Iconic Alaskan Salmon Thirty Salmon takes its last flight
April 20, 2023
Early Monday morning, passengers in Seattle sat awaiting their flight to Ketchikan where their plane, a Boeing 737 with an enormous salmon painted on the side, would make its final run as Alaska's most well-known flight. The iconic Salmon Thirty Salmon was ready to board passengers for the final flight of its 18-year tenure serving as Alaska's famous flying fish.
Kaitlyn Lynch, a software engineer for Alaska Airlines showed up at the gate wearing a sweatshirt featuring a large salmon on it. The image was created by her and is similar to the design on the plane, which is known as a livery.
"I know many people who say this is their favorite livery," she said. "I know it's mine. I think it brings a lot of joy to people to see a giant fish plane in the sky."
Salmon Thirty Salmon, frequently known as Flight 65, is a cultural staple in Alaska. With a striking image of a 127-foot Alaskan King Salmon decorating the body of the Boeing 737, the plane is hard to miss. It was painted with support from the Alaska Seafood Marketing Institute in conjunction with Alaska Airlines and was meant to promote the state's seafood industry far and wide. The plane got its name following a 1987 incident that resulted in a salmon hitting an airplane after being dropped by a passing eagle.
But salmon enthusiasts will no longer see the plane grace the skies after April 17. Salmon Thirty Salmon made its final flight on Monday, an occasion that the airline commemorated with a celebration at each stop.
The reason? It's getting repainted.
The plane's current design is over 10 years old. Liveries are typically made to last five to seven years, according to Tim Thompson, director of public relations and community marketing for Alaska Airlines. And because of this, he said that the plane is in need of a refresh.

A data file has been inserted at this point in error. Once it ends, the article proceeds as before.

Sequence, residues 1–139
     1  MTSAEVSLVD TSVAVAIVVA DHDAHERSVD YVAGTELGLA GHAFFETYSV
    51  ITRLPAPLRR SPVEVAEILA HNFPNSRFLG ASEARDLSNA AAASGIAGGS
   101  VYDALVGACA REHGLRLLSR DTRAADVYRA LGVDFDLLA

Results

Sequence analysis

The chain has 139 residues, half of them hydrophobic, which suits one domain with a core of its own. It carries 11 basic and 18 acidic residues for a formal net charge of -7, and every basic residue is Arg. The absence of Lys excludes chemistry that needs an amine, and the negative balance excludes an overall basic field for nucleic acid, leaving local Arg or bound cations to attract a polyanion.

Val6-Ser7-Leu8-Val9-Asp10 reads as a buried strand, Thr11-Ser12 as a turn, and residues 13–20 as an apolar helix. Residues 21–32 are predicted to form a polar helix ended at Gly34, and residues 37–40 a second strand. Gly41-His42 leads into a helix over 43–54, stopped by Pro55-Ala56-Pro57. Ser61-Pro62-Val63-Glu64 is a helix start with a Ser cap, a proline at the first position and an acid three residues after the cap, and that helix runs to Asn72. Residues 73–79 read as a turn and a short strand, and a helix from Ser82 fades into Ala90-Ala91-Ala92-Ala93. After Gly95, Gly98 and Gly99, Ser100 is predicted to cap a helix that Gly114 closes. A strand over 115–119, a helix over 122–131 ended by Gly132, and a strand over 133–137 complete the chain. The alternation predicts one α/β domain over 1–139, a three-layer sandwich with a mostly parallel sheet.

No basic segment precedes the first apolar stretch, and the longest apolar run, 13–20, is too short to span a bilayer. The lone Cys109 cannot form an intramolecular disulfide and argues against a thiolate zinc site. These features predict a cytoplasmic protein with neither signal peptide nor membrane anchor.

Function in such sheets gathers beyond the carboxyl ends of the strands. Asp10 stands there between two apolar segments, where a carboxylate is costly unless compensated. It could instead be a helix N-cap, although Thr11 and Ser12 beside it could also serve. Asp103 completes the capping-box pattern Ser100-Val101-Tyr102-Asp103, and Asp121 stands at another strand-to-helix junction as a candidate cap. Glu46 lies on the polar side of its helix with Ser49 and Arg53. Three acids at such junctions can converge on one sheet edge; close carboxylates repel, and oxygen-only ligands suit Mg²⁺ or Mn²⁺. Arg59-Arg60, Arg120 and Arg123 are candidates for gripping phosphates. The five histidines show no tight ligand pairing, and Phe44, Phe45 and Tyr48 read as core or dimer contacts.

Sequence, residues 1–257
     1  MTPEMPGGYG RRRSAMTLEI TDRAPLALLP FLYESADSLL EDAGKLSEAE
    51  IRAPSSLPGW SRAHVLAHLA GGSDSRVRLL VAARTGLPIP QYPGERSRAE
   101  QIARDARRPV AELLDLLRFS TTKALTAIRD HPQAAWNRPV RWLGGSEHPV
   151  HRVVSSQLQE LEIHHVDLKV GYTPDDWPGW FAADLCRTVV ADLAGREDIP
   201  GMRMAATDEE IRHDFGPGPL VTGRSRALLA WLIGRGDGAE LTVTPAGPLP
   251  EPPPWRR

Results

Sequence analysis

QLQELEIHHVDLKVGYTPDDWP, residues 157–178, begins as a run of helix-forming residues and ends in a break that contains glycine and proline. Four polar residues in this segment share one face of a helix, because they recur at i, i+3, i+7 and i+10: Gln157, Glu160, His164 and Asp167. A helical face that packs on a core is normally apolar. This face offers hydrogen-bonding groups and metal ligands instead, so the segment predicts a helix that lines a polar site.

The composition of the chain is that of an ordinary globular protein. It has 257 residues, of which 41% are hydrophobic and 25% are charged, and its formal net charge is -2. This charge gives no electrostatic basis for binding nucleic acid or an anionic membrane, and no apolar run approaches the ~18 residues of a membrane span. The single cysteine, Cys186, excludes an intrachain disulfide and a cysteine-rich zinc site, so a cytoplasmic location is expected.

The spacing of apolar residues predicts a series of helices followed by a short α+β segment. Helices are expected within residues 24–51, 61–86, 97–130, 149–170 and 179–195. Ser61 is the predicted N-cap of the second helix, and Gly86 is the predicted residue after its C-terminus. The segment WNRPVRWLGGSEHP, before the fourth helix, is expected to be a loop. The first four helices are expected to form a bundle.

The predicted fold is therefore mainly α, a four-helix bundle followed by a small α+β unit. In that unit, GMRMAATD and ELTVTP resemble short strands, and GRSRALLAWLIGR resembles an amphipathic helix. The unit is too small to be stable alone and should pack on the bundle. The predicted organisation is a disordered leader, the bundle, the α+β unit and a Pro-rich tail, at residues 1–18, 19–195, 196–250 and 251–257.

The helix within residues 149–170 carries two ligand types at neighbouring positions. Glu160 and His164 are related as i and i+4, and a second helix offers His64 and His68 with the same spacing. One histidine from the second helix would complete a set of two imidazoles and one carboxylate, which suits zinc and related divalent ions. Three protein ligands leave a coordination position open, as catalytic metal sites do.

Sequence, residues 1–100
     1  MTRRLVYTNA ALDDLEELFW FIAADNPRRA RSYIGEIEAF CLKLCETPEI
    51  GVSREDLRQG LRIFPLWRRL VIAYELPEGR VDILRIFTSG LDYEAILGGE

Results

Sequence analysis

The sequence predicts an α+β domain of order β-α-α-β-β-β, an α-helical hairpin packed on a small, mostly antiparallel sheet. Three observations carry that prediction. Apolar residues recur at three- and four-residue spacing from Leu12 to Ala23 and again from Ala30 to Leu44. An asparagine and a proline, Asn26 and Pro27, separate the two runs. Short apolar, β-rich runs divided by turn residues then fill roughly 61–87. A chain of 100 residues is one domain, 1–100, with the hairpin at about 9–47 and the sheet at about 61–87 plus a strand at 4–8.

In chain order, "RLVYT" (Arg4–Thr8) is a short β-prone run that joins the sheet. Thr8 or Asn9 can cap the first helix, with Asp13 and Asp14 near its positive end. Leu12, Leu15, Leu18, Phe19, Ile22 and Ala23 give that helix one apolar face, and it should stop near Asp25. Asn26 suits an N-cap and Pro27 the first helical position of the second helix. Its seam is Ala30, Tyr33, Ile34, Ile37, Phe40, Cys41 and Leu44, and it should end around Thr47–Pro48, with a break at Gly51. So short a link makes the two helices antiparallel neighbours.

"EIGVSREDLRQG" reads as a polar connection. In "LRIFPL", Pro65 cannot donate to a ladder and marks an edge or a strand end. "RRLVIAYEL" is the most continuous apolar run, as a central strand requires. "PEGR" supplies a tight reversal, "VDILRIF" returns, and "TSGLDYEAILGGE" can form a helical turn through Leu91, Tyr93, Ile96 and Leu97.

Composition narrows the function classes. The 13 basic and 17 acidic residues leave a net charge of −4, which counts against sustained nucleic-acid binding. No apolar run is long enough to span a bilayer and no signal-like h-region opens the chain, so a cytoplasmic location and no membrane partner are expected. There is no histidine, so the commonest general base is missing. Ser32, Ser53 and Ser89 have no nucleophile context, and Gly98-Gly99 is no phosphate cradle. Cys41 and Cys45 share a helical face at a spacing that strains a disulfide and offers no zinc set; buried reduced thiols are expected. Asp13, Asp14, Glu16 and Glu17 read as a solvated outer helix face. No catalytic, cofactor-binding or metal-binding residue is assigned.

The next image that the airline decides to use may reflect a shift in how the world views Alaska, and Thompson was excited about the possibilities.
"It will still honor our culture and our history," he said.
To commemorate this new milestone for Flight 65, Alaska Airlines held a kickoff ceremony Monday morning before takeoff for its last flight complete with balloons and a DJ playing music for an amused and confused audience.
Cathy Bolling, a caregiver from Prince of Wales Island, was one of the confused. "We don't even know what's going on with this flight. We're just going home," she said.
Once informed of the reason for the early-morning festivities, a smile broke over her face. Bolling said she was very familiar with its typical flight path, known as the milk run, and the plane's famous flying fish.
Other passengers, like Kris Norosz, knew about the plane's last flight and were eager to board.
"It's exciting," she said.
Alaska Airlines played up that excitement for some of the passengers that morning, hosting a quick game of trivia and even holding an impromptu 7 a.m. dance circle to the tune of "Cha Cha Slide." Those who participated were awarded a free flight voucher for one round-trip ticket to any Alaska Airlines destination of their choosing.